March 27, 2006
Oregon Child Advocacy Conference: Keynoter Joy Osofsky discusses the youngest children in foster care and the risks they face
On behalf of the children
By Susan Palmer
Published: Sunday, March 26, 2006
The videos Joy Osofsky brought with her to Eugene told the story best. First, there was the 11-month-old baby, briefly reunited with an abusive mother, who fussed, then cried, then screamed. When taken away, the infant quickly settled down and fell asleep.
Then there was the 2-year-old so terrified in the presence of her abusive mother that she stood at stiff attention until told to sit down; then she sank to the floor and did not move. The same child, in the presence of a loving grandfather, played and chattered in the typical way of inquisitive youngsters.
Osofsky, a professor of pediatrics, psychiatry and public health at Louisiana State University, was the keynote speaker at a conference on children organized by the Oregon Child Advocacy Project, a new program at the University of Oregon Law School.
Osofsky spoke to an audience of child-care workers, lawyers and judges from around the West who work every day with children in troubled families.
Her message: The youngest children in the foster care system face a range of risks, from developmental delays to behavior and psychiatric problems. And once they develop problems, they are less likely either to be reunited with their families or to be adopted.
But Osofsky offered more than a depressing flood of statistics. She also described a unique program she developed with a judge in Florida that targeted the youngest children whose mothers were at risk of losing them.
The partnership with the judge was a strategic decision, Osofsky said. While social scientists understand the developmental issues and the needs of children, judges are the ones who can do something about the problems they face, she said.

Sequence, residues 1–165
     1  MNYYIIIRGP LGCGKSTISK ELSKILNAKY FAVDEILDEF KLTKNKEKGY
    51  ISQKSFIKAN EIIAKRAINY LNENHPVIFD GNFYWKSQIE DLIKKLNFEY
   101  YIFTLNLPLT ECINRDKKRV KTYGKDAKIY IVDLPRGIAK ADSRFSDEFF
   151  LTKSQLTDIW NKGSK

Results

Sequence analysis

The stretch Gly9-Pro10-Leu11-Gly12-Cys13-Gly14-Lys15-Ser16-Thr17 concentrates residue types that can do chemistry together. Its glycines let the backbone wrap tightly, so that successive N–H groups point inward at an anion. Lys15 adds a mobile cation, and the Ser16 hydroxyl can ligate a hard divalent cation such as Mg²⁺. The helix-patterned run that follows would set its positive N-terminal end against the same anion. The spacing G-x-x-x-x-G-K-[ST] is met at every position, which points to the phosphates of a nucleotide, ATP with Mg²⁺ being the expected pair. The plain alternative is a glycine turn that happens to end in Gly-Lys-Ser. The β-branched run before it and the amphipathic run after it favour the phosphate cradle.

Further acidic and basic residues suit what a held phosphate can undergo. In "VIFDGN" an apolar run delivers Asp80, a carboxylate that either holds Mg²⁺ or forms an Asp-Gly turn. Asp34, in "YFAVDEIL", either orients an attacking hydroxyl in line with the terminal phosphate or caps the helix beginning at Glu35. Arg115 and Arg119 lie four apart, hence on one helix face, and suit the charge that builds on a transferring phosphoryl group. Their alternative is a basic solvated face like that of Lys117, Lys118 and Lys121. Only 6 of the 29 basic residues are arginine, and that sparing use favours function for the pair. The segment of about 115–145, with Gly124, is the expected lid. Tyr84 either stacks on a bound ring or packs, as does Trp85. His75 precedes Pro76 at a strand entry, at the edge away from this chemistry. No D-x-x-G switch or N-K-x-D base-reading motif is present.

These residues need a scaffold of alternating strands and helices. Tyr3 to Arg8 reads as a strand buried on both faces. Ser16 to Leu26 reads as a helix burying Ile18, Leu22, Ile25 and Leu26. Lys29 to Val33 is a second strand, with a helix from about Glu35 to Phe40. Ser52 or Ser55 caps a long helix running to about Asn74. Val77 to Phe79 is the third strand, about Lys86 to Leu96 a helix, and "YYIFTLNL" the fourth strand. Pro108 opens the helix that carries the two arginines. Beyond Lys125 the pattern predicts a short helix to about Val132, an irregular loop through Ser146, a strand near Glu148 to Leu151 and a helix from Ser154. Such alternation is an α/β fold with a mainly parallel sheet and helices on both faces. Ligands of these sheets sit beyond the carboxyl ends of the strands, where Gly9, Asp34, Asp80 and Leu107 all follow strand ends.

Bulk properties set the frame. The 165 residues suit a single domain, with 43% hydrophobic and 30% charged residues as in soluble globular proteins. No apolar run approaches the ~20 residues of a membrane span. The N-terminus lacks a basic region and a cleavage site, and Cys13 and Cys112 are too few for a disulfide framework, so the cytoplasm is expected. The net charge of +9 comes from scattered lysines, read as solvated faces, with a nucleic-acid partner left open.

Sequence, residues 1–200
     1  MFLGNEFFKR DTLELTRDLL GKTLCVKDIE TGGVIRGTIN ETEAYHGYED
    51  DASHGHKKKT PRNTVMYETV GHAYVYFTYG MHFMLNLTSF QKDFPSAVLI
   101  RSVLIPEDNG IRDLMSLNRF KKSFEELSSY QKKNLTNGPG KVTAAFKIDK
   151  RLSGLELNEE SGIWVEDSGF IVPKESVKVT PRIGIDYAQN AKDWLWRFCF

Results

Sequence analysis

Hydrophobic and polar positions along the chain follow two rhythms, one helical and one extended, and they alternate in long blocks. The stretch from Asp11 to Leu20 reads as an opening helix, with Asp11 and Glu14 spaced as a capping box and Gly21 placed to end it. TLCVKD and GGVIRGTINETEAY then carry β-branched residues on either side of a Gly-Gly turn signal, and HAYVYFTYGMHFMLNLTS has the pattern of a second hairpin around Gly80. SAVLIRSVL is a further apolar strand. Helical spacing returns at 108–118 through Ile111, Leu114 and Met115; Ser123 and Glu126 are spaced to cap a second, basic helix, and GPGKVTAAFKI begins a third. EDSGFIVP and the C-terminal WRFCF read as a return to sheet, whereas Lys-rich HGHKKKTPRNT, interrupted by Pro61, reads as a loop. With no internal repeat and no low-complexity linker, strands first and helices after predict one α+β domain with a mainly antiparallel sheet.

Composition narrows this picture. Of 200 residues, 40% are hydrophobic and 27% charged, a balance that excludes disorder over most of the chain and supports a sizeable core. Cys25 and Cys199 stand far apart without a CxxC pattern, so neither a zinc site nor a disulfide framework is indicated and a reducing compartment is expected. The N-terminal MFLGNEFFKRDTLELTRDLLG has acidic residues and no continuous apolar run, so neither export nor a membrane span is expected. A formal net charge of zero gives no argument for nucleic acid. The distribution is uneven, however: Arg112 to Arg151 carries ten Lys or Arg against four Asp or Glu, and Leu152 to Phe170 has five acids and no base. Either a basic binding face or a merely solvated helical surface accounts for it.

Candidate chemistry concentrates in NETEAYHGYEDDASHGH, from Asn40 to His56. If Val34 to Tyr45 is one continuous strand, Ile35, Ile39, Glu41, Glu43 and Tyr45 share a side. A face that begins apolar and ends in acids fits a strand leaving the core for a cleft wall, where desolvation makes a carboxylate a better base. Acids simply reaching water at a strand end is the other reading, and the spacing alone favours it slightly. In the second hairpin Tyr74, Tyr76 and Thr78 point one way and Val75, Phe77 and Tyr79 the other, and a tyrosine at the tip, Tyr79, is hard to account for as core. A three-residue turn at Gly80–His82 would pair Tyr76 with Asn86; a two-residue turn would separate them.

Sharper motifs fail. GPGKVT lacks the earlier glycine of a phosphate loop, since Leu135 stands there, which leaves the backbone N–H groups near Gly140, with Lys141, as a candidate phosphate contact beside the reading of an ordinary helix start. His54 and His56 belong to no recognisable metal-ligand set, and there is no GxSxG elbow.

Osofsky and Miami Judge Cindy Lederman put together the Miami Safe Start Initiative to help parents in danger of losing their infants and toddlers by offering a variety of support services that included 25 sessions of therapy for mothers with their babies.
“Because they were harmed in the relationship, they should be healed in the relationship,” Osofsky said.
While 52 percent of the parents in the program dropped out before completing it, 100 percent of those who remained kept their families together, Osofsky said.
The challenge now is creating more such partnerships with judges and finding funding to implement the program in other places.
Osofsky was one of several speakers at the two-day event. Conference-goers also heard from social workers, law professors and judges who spoke on methods for nurturing children in difficult settings – affected by poverty, divorce, custody and involvement with juvenile court.
The conference is the first one organized by the Oregon Child Advocacy Project, project director Leslie Harris said. The new program at the UO Law School has a grant from law school graduate Duncan Campbell, a Portland entrepreneur long concerned with child welfare issues.
Campbell also founded Friends of Children, a national mentoring program, where mentors are paid and commit to 12 years of contact with a child.
The Child Advocacy Project focuses on providing research assistance to lawyers working on cases where a child’s relationship with a nurturing adult is at stake.
For more information about the UO project, visit www.law.uoregon.edu/org/child/. Read the NPR story on Miami’s safe start initiative.